Very useful for early crops. The cheapest and best can be found in season from Supermarkets. Usually in kit form, 5 m long x 2 m wide perforated, UV stabilised polythene cover, with sufficient plastic support hoops. The edges of the polythene cover must be well fixed to the ground with stones or lengths of timber, or soil, otherwise the cloche will blow away or the plastic will tear in the first gale. (TP £4)
While most people will use old clothes while gardening, there are some clothes that are specially make for gardening. There are trousers made of strong cloth with many pockets and built-in knee pads. (TP £7 ) Also available are caps and hats with protective brims to prevent sunburn to the face and back of the neck. (TP £2 )
Useful for over wintering tender plants and hardening off young plants. Can be home- made using an old window on top of a timber frame. Various commercial types available including the steel framed, U. V. stabilized, reinforced plastic covered “tent”. (TP £15)
Essential for rotting down annual weeds, and waste vegetables. Traditionally homemade from timber posts and slats. Also now available in plastic with a lid, for a neater appearance in gardens. (TP £30)
GARDENING BOOTS, WELLINGTONS OR SHOES
You will need Wellingtons for wet days and muddy conditions. Otherwise, Gardening Boots should be suitable for most other conditions. Shoes are not really suitable, as the sides are not high enough to prevent soil and mud getting inside them. Whatever footwear you decide on, try and get it with steel toe caps and a protected sole. This will help to protect your feet from accidents involving nails, rakes and forks. You can find protective footwear, suitable for Gardening, in season at Lidle and Aldi. (TP £10-£15 )
Strangely, most of the gloves made especially for gardening, are not particularly suitable. Particularly, avoid those with a ribbed surface, as the mud clings onto them like glue! The best and cheapest, are the red, pvc coated cotton ones, made for industrial use, though they are usually found in large sizes. (TP £2)
Also useful, if you are growing thorny plants, such as brambles or gooseberries, are leather, or butile covered gloves. (TP £6). Whichever type that you use, remember to hang them up to dry in a warm place after use, otherwise they can become very smelly!
The most useful type is the green, three strand jute. Two strand jute twine is far too weak for general use. Buy the large economy size. (TP £2.50). Where an even stronger twine is required, use the green polypropylene type. (TP £2). But beware, do not use the polypropylene twines to tie up fruit tree branches to posts, as they will strangle the branches as they grow. By the time that you notice, it is too late and the damage is done.
Useful to prevent housemaid’s knee. (TP £2)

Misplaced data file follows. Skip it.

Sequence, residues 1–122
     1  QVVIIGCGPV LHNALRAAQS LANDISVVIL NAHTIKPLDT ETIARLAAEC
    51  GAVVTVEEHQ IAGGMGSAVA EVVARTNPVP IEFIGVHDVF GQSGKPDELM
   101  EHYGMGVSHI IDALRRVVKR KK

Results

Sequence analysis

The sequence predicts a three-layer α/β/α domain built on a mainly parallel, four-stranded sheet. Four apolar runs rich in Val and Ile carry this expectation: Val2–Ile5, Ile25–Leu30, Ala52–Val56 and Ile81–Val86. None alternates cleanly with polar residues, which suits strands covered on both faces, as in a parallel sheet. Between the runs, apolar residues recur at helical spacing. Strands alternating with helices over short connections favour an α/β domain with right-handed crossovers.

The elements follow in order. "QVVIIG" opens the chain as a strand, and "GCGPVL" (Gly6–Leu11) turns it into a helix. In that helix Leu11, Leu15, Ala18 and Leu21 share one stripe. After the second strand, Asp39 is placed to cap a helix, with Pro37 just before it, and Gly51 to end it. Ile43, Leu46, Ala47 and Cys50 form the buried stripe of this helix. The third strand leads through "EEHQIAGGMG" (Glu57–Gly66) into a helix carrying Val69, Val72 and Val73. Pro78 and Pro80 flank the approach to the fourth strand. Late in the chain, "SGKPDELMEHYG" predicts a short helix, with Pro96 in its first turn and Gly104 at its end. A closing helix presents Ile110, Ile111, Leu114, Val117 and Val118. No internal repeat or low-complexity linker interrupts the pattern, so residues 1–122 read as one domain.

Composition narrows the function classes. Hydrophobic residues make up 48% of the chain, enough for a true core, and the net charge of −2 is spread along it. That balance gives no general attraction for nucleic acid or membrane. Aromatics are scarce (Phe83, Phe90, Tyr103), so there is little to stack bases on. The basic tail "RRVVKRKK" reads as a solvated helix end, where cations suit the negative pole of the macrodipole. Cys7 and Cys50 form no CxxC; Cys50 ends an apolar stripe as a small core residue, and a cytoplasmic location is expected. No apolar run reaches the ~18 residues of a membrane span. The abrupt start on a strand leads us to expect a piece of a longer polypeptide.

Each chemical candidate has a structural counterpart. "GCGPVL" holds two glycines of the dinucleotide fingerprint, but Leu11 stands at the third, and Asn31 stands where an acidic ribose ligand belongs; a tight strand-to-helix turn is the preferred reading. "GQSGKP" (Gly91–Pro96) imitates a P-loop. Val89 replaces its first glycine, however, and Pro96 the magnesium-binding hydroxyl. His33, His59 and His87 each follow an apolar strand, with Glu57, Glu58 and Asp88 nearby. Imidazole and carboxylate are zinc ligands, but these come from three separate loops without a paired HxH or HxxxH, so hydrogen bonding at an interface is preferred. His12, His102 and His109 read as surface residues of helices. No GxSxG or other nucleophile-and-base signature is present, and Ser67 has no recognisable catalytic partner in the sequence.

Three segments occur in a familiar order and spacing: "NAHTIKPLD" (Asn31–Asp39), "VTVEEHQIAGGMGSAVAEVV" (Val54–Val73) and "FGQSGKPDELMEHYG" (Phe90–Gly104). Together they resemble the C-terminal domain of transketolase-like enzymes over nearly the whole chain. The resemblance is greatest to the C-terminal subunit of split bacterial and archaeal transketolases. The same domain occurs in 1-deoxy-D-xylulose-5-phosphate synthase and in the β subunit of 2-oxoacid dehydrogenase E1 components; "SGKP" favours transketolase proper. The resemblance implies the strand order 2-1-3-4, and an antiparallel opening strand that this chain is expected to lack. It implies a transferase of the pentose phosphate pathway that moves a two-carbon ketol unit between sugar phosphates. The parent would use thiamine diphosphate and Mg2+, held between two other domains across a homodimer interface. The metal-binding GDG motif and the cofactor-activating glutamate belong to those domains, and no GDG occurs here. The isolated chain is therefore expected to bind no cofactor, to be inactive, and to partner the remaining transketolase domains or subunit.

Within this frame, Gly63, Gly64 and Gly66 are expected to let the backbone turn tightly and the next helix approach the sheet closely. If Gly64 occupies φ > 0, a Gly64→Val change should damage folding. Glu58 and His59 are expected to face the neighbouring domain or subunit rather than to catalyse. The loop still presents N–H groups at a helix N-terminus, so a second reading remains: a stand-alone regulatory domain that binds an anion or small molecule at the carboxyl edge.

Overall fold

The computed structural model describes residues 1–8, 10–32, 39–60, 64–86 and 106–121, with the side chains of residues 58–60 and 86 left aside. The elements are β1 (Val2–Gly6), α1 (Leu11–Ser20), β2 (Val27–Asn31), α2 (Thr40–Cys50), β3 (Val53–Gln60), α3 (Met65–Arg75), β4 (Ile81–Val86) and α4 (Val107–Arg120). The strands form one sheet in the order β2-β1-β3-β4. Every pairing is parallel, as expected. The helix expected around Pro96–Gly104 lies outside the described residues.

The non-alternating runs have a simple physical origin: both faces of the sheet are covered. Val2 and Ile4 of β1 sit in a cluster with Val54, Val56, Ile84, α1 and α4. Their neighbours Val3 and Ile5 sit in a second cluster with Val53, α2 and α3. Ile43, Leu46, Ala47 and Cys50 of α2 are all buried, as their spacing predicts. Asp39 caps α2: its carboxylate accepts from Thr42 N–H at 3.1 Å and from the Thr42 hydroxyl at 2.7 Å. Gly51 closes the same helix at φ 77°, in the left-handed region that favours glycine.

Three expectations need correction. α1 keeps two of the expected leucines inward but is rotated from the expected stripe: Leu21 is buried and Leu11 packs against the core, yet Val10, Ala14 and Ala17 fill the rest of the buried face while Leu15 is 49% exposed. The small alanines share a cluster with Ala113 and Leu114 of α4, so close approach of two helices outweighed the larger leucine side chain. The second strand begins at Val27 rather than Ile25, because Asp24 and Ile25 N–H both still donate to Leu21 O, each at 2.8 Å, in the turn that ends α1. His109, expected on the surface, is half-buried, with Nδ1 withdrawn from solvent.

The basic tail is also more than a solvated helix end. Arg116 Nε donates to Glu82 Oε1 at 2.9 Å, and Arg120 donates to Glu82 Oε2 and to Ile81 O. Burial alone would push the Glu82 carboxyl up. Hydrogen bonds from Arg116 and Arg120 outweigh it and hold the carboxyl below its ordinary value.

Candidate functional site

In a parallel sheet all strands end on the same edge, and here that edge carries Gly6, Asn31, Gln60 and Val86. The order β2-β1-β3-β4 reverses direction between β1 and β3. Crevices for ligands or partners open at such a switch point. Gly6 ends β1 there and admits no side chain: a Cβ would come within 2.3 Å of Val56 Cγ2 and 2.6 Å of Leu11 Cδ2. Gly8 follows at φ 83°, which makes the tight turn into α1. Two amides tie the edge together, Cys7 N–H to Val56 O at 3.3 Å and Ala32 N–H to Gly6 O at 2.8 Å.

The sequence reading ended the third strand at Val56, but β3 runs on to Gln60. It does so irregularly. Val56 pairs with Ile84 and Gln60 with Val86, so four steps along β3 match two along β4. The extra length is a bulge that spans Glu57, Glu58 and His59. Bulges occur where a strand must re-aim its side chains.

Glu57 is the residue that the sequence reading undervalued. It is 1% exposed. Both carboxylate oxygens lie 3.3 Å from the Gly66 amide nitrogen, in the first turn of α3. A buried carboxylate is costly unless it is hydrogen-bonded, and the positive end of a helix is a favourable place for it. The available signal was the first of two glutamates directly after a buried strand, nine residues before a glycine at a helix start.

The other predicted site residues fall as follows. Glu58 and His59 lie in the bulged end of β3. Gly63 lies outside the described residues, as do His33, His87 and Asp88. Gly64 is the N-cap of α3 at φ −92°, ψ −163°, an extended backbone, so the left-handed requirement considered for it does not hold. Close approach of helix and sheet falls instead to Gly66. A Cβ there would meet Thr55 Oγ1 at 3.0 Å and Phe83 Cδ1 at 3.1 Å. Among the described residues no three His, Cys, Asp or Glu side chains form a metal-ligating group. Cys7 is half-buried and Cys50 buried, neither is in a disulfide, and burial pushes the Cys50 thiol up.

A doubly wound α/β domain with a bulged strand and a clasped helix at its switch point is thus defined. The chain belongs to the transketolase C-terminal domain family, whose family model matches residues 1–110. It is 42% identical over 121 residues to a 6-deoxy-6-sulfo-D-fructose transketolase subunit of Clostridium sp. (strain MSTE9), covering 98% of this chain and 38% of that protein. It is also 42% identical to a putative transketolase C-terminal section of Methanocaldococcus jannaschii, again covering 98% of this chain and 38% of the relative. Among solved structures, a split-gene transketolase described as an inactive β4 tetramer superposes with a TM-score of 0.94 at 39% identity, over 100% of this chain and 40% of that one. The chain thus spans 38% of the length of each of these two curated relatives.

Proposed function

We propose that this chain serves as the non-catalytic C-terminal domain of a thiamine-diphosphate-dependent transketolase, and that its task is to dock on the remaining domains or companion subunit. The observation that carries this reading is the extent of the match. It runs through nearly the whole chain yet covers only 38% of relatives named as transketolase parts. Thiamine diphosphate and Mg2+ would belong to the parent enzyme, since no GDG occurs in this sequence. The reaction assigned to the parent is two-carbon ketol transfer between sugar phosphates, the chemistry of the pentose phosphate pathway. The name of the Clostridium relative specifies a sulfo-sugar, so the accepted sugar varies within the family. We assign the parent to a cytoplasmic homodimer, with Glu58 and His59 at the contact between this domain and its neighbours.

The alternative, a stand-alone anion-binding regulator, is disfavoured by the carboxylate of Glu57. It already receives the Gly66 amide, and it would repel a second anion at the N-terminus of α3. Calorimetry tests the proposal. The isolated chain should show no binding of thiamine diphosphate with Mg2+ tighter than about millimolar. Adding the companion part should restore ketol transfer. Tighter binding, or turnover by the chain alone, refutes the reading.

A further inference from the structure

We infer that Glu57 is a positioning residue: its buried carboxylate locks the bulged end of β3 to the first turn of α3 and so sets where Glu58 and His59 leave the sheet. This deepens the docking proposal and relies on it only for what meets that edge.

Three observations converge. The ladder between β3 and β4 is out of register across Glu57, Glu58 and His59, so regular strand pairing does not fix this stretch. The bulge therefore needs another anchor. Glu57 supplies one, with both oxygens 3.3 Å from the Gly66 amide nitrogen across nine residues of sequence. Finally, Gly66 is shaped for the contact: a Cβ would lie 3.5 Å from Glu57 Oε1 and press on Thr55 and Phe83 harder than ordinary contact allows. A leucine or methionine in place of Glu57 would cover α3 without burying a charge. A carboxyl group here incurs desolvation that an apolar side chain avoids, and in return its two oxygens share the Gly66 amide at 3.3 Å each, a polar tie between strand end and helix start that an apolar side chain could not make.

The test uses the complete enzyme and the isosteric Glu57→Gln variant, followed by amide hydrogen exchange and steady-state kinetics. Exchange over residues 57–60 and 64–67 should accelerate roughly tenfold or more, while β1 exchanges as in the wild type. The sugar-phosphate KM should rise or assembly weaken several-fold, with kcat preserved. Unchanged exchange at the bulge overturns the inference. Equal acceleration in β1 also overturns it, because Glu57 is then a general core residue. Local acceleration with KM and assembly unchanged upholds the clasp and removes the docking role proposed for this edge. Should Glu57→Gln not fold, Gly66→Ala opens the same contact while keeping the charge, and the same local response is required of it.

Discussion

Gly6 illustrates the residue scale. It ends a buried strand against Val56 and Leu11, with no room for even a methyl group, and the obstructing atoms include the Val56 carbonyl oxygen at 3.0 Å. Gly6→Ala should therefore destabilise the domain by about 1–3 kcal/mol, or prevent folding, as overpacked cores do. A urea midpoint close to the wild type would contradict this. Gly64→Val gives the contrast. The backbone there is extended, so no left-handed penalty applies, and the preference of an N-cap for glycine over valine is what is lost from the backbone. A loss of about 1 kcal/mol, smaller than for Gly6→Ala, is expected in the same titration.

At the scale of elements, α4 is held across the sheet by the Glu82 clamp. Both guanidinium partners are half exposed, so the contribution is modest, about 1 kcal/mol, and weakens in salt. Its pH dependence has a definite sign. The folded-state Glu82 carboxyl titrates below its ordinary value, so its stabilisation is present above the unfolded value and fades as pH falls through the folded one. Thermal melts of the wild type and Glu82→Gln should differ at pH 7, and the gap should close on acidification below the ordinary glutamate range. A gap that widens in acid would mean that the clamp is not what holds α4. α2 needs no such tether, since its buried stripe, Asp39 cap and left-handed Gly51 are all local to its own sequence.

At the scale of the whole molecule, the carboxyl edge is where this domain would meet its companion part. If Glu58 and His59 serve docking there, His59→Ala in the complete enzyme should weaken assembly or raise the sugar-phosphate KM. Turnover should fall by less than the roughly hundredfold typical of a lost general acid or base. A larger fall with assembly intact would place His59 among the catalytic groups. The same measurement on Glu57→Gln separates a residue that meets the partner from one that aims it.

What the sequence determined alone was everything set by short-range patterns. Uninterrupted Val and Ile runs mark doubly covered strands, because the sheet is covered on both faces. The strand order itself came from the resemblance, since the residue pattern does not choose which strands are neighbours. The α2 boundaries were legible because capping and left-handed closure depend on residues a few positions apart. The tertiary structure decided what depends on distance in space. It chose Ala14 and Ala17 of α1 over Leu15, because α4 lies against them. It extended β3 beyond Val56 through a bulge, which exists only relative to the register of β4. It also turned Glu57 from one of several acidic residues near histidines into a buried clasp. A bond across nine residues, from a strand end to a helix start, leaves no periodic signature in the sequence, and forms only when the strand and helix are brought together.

The most useful type is green plastic, some 2 m in height, with a mesh size of 15 cm. For 8 m length (TP £4 )
This is a white spun polypropylene spun fabric, which allows some moisture through, but also provides some wind protection, and about 3 C degrees of frost protection. It comes in 2 weights of fabric, 15 g and 30 g, and usually in sheets 1.5 m wide by 8 m long. Do not bother with the designed plastic pegs, as the fabric tears in strong winds. Far better to anchor the fabric with weighted timbers along the edges. The fabric will float on top of strong plants, such as cabbages. For delicate seedlings, rest the fabric on plastic hoops, cut from plastic flexible tubing, to prevent the fabric flattening the seedlings.
Against insects, such as carrot fly, use “Environmesh type” (TP£ 5) for 2 m x 5 m. Again, support over seedlings provided by suitable lengths of plastic tubing.
Against insects such as cabbage butterfly, use plastic netting with a mesh size of 1 cm square. You will find the larger sheet size of netting, 4 m by 5 m, more useful than the smaller sizes. It is also possible to use the protective plastic mesh sheeting used on building sites. You might “acquire” some at the end of the contract.
Against birds taking fruit, use plastic mesh netting with mesh size 2.5 cm. You will find that the bigger sizes of netting are most useful for covering fruit cages.
PLANT SUPPORT CABLE
Where you need to “tie in” raspberry canes or similar, use plastic coated washing line (get the green one) and attach to wooden posts, ( TP£2) for 50m length, or reuse old T.V. aerial cables. Traditionally, you could use thick galvanised wire, but that is quite expensive and difficult to find and not so easy to handle.
WEED CONTROL FABRIC
Use porous groundcover fabric, well weighted down, to control annual weeds, or place under paths also to control weeds.
There are several types available commercially. However, you can easily make your own from plastic or glass containers, suitably baited with sugar syrup.
Keep a lookout for reusable materials in skips or that have been dumped. E.g. Timber for posts or building greenhouses, huts, cold frames, fences; black plastic sheeting for weed suppression; concrete slabs for paths; fencing; green protection mesh from building sites; clear plastic bottles to protect plants; old polystyrene fish boxes for seed trays. It all saves money!! Particularly check out any skips at the allotments, as new plotters chuck out perfectly good reusable stuff as well as the bad.
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